“We learned how to ask the right questions and find our product-market fit. We understood the importance of having the right contacts and growing our network.”

It was with the help of YES!Delft that the team of ADI got their first pilot projects and later their first paying customers. It was there that they got in touch with Rabobank and secured a 150K startup loan. And it was also there that they learned that their business proposition wasn’t really about the drone itself, but about the data and what growers could do with it. 


Today, ADI is focused on providing customers with the data collection and analysis tools they need to keep their crops healthy and improve operational efficiency. Together with Beekenkamp Plants, the team is working on a mobile data collection platform that provides the customer with information about germination processes, and uses advanced image analysis to determine the quality of crops. 

ADI has recently delivered a proof of concept of one of its most recent developments, a germination analysis machine.

Since their early startup days, William and Lucien have come a long way. They have grown their team to over 10 members and in less than one year, they have raised half a million euros in grants and funding on top of the initial startup loan. 

The latest milestone is 350K from the MIT R&D grant, in which the company was the lead applicant. “We’re going to use this money for a specific project where we will work closely together with partner Avular, an Eindhoven-based startup focused on enabling mobile robotics,” William says. “We will focus on further developing the data analytics part of our solution, while they will work on making it more user-friendly and suited to operate in greenhouses. 

To date, ADI has three paying customers – two in the orchid industry and one in the young-stage vegetable industry, and several ongoing pilots. And if you ask them about their key goals for 2020, the first one on the list is keeping those customers happy. “To be successful, we need to make sure we do that all the time,” William says. 

ADI would also like to further expand its team and aims to raise 2 million euros in funding within the year in the ambition to become the Google of Agri Data. “At the end of the day, we want to invest more in our core image analysis technology and bridge the gap between image processing and biology.”



  • Company founded; ADI joins YES!Delft Validation Lab
  • First pilot project
  • 150K startup loan from Rabobank secured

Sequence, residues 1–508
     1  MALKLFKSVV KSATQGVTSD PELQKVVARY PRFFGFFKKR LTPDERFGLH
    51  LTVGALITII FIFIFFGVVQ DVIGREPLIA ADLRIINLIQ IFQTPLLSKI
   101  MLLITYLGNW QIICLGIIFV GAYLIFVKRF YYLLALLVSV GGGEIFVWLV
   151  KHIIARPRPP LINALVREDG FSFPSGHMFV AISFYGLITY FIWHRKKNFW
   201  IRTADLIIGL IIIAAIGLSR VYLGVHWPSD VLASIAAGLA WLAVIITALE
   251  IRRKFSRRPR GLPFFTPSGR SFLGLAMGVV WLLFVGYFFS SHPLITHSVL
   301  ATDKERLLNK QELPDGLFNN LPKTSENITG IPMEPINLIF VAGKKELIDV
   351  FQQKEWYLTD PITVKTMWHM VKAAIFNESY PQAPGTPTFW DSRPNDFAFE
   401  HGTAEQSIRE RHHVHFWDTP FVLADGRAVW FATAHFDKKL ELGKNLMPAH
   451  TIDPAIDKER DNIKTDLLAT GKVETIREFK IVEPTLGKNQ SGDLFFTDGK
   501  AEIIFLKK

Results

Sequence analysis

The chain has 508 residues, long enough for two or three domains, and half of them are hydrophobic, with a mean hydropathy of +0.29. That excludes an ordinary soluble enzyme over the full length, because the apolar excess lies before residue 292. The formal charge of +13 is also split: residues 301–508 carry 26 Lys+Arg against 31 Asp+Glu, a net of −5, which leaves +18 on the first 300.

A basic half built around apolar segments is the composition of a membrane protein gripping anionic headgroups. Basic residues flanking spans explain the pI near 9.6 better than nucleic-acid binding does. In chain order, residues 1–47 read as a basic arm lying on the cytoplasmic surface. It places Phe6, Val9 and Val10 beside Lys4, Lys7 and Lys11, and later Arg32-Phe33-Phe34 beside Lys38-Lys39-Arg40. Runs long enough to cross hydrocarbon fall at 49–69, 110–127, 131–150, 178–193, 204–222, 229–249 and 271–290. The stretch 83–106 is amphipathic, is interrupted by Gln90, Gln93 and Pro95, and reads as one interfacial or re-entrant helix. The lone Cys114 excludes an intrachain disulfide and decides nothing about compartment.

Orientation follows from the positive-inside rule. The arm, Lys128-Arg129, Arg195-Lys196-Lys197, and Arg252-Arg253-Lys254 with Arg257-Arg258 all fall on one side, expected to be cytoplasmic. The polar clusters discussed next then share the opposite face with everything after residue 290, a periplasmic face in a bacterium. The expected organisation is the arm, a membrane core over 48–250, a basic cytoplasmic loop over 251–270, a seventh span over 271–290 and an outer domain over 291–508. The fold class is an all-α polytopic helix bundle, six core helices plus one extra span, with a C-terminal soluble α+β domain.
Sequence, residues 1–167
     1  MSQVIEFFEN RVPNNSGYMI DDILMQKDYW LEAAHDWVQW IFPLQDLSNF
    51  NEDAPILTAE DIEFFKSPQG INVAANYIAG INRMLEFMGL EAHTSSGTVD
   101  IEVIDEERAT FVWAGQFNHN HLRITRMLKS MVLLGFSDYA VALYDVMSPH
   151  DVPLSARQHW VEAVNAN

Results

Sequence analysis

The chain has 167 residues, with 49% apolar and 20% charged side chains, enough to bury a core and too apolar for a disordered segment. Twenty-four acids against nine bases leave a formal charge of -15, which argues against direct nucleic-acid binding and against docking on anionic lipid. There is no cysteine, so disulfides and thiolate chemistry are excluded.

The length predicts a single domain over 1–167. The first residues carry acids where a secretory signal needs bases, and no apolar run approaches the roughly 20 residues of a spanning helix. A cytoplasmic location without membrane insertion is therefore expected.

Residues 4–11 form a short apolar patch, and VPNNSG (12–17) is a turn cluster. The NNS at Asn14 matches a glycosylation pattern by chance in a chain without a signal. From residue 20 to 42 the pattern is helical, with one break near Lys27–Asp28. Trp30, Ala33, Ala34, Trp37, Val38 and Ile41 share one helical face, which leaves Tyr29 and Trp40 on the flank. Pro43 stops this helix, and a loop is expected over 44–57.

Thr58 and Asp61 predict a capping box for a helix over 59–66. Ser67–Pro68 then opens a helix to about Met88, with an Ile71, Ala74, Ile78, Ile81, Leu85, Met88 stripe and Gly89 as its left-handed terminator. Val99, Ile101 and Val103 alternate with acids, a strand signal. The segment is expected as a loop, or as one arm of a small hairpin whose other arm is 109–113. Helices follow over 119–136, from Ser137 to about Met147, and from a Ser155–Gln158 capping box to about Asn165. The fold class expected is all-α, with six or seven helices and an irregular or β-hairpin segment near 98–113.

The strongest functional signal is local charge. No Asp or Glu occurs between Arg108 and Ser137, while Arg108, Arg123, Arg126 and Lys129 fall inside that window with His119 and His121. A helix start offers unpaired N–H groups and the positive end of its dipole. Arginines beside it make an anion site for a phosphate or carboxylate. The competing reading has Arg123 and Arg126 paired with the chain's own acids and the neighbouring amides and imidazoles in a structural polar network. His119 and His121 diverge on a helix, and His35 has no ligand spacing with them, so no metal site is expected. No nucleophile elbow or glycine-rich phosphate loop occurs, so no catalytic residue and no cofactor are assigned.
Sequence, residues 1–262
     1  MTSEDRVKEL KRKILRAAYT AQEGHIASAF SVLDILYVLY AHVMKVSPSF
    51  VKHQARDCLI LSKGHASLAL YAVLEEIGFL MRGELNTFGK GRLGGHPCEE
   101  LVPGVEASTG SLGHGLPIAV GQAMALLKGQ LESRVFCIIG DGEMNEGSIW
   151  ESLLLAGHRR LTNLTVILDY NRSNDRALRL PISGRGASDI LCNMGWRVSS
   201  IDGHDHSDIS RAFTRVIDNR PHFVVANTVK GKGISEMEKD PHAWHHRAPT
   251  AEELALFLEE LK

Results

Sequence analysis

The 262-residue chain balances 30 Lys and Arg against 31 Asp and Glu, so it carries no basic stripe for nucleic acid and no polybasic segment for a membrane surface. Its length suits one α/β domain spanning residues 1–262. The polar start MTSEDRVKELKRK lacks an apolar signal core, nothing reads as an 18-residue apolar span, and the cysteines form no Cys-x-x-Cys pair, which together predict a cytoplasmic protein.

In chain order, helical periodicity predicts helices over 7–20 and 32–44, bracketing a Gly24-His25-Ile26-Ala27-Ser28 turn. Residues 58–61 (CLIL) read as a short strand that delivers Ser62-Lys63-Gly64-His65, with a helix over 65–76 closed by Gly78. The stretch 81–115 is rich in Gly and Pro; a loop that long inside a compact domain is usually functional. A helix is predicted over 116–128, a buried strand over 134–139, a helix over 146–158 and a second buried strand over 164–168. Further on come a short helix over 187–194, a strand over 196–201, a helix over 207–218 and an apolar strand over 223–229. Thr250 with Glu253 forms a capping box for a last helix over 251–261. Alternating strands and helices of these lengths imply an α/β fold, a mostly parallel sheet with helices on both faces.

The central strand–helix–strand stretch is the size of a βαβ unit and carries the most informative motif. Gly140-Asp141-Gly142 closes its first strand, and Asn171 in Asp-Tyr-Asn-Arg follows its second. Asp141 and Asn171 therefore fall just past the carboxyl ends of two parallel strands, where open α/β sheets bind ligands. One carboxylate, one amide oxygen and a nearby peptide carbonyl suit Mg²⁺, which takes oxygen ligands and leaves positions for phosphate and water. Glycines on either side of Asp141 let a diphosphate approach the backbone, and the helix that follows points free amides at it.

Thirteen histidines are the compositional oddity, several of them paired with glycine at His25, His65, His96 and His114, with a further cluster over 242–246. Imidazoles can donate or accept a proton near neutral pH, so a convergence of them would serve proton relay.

• ADI joins the YES!Delft Accelerator program
  • First paying customers secured
  • 250K funding from the NWO secured


  • 350K MIT R&D grant secured
  • First big commercial order from Beekenkamp Plants



Physee: Making buildings future-proof

Becoming energy-neutral is not just a trend anymore, it is a necessity. It is a necessity across generations, markets and industries, and especially when it comes to people’s day-to-day lives. So then imagine living in a building that absorbs sunlight energy during the day and uses it to keep you warm at night. Or working in an office that aims for the ideal temperature and air quality to make you as productive as you want to be. 

All of this is now possible thanks to Delft-based company Physee and its patented SmartSkin technology, which can autonomously power, sense and regulate a building’s climate.


It all started back in 2014 when Willem Kesteloo and Ferdinand Grapperhaus decided to work together on the Master’s theses degree at the Technical University in Delft (TU Delft) and focused their research on the physics on luminescent materials. 

“We had known each other for some time and we knew we worked well together so it was a great opportunity to join forces on the same research project,” Willem says. What started as a university assignment soon led to some interesting discoveries in the lab, and to the idea of turning them into a business.

But what were those discoveries exactly? While researching the luminescent properties of a specific metal, together with their supervisor Erik van der Kolk, Willem and Ferdinand found that, in certain states, this metal can absorb a very broad spectrum of light, which it subsequently emits in a very sharp peak outside of its absorption spectrum. The novelty of this discovery prompted them to think that there might be business applications to consider, like making buildings more energy-efficient by capturing light and using it to generate energy.